Trends that matter to pharmacy in 2024: Part 1

In this series, NCPA’s CEO
reveals his quick takes on pharmacy’s future

trends that matterHenry Kissinger once said, "Who controls money controls the world." Along those same lines, the buying of primary care doctors by corporations such as health care systems, CVS-Aetna, Walgreens, and Amazon, is leading me to say, "Who controls primary care controls patient's health care." There is a land grab for primary care going on in our country. That is partially due to a predicted shortage of primary care physicians but also because vertical integration has allowed big corporations to have a stake in every step of the patient journey.

CVS-Aetna has made it clear that they want to influence the patient's health care decisions from cradle to grave. Their Minute Clinics, providing a menu of primary care services, are not new, nor is their ownership of Caremark. But adding Aetna to the mix provided a powerful tool to be able to steer patients into CVS brick-and-mortar and mail order pharmacies. CVS' strategy is not a secret. In an investor call last year, CVS CEO Karen Lynch said that primary care makes up only about 10 percent of national health care spending, but it wields significant influence over health-care utilization, and they need to "push into the primary care so that we can influence the overall cost of care."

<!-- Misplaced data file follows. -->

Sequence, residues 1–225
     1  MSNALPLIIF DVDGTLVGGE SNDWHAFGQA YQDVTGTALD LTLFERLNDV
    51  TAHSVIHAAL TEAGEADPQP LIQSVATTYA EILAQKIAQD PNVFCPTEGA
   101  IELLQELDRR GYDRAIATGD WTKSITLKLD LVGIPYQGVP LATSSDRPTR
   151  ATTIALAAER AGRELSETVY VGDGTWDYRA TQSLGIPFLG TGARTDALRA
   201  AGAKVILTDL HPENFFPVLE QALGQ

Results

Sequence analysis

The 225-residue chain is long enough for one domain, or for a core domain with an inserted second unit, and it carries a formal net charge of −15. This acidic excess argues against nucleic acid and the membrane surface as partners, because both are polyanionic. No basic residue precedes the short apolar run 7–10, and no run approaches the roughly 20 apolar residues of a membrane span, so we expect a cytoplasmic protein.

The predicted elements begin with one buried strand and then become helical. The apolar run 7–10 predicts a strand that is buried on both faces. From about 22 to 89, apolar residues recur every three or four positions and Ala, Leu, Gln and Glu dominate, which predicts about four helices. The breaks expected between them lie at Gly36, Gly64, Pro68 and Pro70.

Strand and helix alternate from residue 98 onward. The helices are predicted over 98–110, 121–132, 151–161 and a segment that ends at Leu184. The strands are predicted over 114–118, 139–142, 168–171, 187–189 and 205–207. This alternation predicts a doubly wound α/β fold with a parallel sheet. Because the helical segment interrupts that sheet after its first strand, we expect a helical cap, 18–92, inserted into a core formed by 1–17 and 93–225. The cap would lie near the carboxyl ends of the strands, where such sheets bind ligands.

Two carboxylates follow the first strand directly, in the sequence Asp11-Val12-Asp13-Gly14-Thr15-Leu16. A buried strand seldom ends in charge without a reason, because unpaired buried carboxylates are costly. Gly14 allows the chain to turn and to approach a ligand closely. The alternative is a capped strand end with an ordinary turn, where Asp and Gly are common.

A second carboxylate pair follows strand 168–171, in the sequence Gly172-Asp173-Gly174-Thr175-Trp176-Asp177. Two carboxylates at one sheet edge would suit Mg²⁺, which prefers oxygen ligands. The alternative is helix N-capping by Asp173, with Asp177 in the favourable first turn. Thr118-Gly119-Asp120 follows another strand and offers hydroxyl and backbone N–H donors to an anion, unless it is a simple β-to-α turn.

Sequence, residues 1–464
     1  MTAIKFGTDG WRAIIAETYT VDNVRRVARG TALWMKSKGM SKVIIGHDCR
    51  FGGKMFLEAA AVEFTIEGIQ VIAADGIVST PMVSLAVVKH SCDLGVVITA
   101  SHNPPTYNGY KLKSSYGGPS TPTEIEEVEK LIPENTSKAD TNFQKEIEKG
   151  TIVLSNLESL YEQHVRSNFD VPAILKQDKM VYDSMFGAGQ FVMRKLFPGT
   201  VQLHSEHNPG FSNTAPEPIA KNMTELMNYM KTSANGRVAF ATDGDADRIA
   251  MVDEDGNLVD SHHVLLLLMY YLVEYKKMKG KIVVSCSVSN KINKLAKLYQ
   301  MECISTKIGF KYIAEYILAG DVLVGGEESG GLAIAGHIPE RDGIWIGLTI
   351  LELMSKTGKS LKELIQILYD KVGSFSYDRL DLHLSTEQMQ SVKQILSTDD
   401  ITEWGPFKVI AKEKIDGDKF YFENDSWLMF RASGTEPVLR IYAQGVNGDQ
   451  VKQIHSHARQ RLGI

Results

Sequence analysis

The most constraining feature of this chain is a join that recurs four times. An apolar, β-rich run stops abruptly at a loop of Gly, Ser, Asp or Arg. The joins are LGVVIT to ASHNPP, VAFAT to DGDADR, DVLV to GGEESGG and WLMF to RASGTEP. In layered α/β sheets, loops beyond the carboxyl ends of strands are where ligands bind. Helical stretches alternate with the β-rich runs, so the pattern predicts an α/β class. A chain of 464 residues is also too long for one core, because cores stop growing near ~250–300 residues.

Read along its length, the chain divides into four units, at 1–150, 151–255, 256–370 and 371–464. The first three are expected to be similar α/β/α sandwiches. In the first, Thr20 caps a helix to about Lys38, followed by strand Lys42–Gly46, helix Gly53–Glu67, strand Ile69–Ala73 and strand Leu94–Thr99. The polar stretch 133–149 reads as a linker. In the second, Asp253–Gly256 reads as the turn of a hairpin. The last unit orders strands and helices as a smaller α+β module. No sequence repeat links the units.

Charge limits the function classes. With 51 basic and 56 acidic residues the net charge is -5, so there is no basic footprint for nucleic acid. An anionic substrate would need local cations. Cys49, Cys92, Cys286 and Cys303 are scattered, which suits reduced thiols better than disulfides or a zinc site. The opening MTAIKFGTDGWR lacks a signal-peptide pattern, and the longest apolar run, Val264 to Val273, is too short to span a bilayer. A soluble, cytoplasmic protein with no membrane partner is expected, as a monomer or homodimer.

Walgreens has also made no secret that it wants to be a player in the primary care game by shelling out more than $5 billion to buy a majority stake in VillageMD which operates primary care clinics.

Walmart also wants in on the primary care action. They say they are going to build 4,000 health care supercenters that will include primary care, dental, optical, imaging, and labs by the end of the decade.

Not to be outdone, Amazon acquired One Medical, a tech-enabled primary care provider, for $3.9 billion.

What's the response for independent pharmacies? The best health care is local. And CPESN® USA aggregates local networks of independent pharmacies that provide primary care services like immunizations and blood pressure checks. They are increasingly collaborating with primary care physicians to reach socially vulnerable populations.

The impact of vertical integration on competition and consumers is one of the areas that the FTC is reviewing. Drug Channels has a nifty chart that shows how vertical integration has grown—like a weed. I included it as my Trend No. 1 out of five to make clear to pharmacy owners that controlling primary care is where the big boys are going. And to alert savvy owners to adjust their business to stay one step ahead.

B. Douglas Hoey is the CEO of NCPA, which represents the owners of over 19,430 pharmacies that employ more than 230,000 people nationwide. Hoey is a licensed pharmacist in Oklahoma, Virginia, and Texas.

Additional resources on vertical integration and more are available here.